AN ABANDONED palace on the Italian coastline has been left to rot and crumble away a century after it was built.
Once bustling with the world’s elites dancing in its dazzling ballroom, surrounded by luxury chandeliers and pricey marble statues the building spiralled into insignificance shortly after it opened up.Paradiso Sul Mare, dubbed Italy’s Paradise by the sea, was left to rot after being abandoned a century after it was designed[/caption] Dazzling ballroom, luxury chandeliers and pricey marble statues made the palace a place of luxury in the 1920s and 30ss[/caption] Today the palace sits littered with rubbish and broken walls and lights after plans for it to be a hub of Italian culture were scrapped during World War II[/caption]
Located in Anzio, Italy, “Paradiso Sul Mare” roughly translates to “Paradise by the sea” and should be an iconic landmark loved internationally but only a few know it even exists.
Plans were set in stone for the beautiful palace to be used as a centre for the rich and wealthy in Europe.
But after a devastating WW2 and dodgy leadership in Italy ended any flicker of hope was dashed away for the luxury palace and it fell into complete obscurity.
Today it sits overlooking the Tyrrhenian Sea – forgotten, wrecked and losing its classical shine.
Pictures show old papers chucked on the floor and broken bits of the graffiti-covered walls and lights scattered around the place.
Designed in 1919, the palace faced the waterfront and was seen as a building that would go on to host several important events for the rich and wealthy.
The palace was linked to the Art Nouveau movement that took over Europe at the start of the 20th century.
Entrepreneur and mayor of Anzio Giuseppe Polli, who commissioned the site, wanted it to be the new hub of culture by hosting fashion shows, corporate events and even casino nights that drew in hundreds for each event willing to splash their cash.
The building was first opened in 1924 and was seen as a sophisticated and artsy place by people walking past and drew many in off the beachfront.
The wealthy in society saw the beautiful structure as the place to be and the tourist-friendly spot by the seaside made it an almost guaranteed success story.
Standing five stories tall, the already elevated plot of land overlooked the picturesque Italian shoreline.
With giant skylight windows and amazing religious artwork littered around the place, it drew in many visitors to gaze at its glory.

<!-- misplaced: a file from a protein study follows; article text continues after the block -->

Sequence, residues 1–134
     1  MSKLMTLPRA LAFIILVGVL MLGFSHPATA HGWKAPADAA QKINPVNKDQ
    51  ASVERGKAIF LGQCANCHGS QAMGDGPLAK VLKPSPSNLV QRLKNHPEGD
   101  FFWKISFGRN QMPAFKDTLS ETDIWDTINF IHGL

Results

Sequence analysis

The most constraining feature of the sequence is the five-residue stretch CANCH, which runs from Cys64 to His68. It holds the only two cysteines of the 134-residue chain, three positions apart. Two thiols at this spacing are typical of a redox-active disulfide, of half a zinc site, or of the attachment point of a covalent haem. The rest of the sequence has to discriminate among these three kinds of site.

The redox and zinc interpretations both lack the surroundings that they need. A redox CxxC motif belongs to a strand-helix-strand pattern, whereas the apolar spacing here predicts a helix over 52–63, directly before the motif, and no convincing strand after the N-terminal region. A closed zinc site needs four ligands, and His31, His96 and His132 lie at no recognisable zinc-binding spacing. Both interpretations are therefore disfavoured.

The hand-drawn art carried on throughout the inside of the palace with sleek gold trimmings stuck on the giant Roman pillars and fancy metal railings.
On the bottom floor sits a dance hall and dining room as two gaming rooms are laid out upstairs.
The coastal regions of Italy were being benefited by an economic boom to several tourist locations meaning businessmen and women were looking to invest big money into spots just like Anzio.
The fascist regime taking over the country essentially sent people pivoting away from the idea of luxury and individualism and towards a united loyal nation that served its dictator.
Mussolini’s views strongly misaligned with what Polli and the palace were trying to achieve and so it was left unappreciated for decades.
Further development of the building came to a virtual standstill and it was turned into a military base during WW2.
Paradiso Sul Mare was used by the allies when they came into Italy as one of their command centres and it played a pivotal role in the war.
It took decades for the building to be noticed again when it was seized by the local government and turned into a school in the late 60s.
Only part of the giant palace was used to teach as the other parts sat abandoned and collecting dust.
The school proved a bad idea as it wasn’t a popular destination for students and after ten years it was closed down for good.
The building was then used by a different school that taught people in the hospitality industry.
Over the years it got treated worse and worse and wasn’t looked after properly.
The building started to collapse in 2015 as it was abandoned completely and left to get even worse.
It started to decay and become dangerously rotting as it sat in the Italian sunshine unused and unloved.
An inspection done in 2016 by the Anziodiva Civic Association confirmed “very serious signs of deterioration,” and they sent a letter to the mayor about the problem.
They also blamed the school that was now long gone for their unbothered attitude to keeping it up to scratch and utter incompetence.
Despite its luxury interior and fascinating look, it’s now been left as just a lowly storage unit for a nearby museum.
Now owned by the town once again, the hope is for them to pump some much-needed cash into a restoration project and return it to its former glory.
Earlier this year another infamous palace was discovered.
After oppressing Iraq for three hideous decades – the ruthless blokes blood-stained empire of greed and decadence has been left untouched for decades after the chaos of war.
A whopping 52-room castle with a giant swimming pool and a ballroom was also left abandoned for decades after its owner went rogue.
The 20th-century castle, located in the Polish village of Lapalice, near Gdansk was left to crumble before it was even completed.Graffiti, broken doors and pieces of unwanted paper have trashed the once luxury building[/caption] After being virtually unused since 2015 the palace has started to deteriorate and crumble[/caption] The fancy ballroom fit with several chandeliers would host Europe’s elites when the palace first opened its doors[/caption] Hand drawn artwork sits all over the walls and ceilings[/caption] The palace sits overlooking the Italian coastline of Anzio[/caption] The original bustling seaside town where the palace was first designed in 1919[/caption]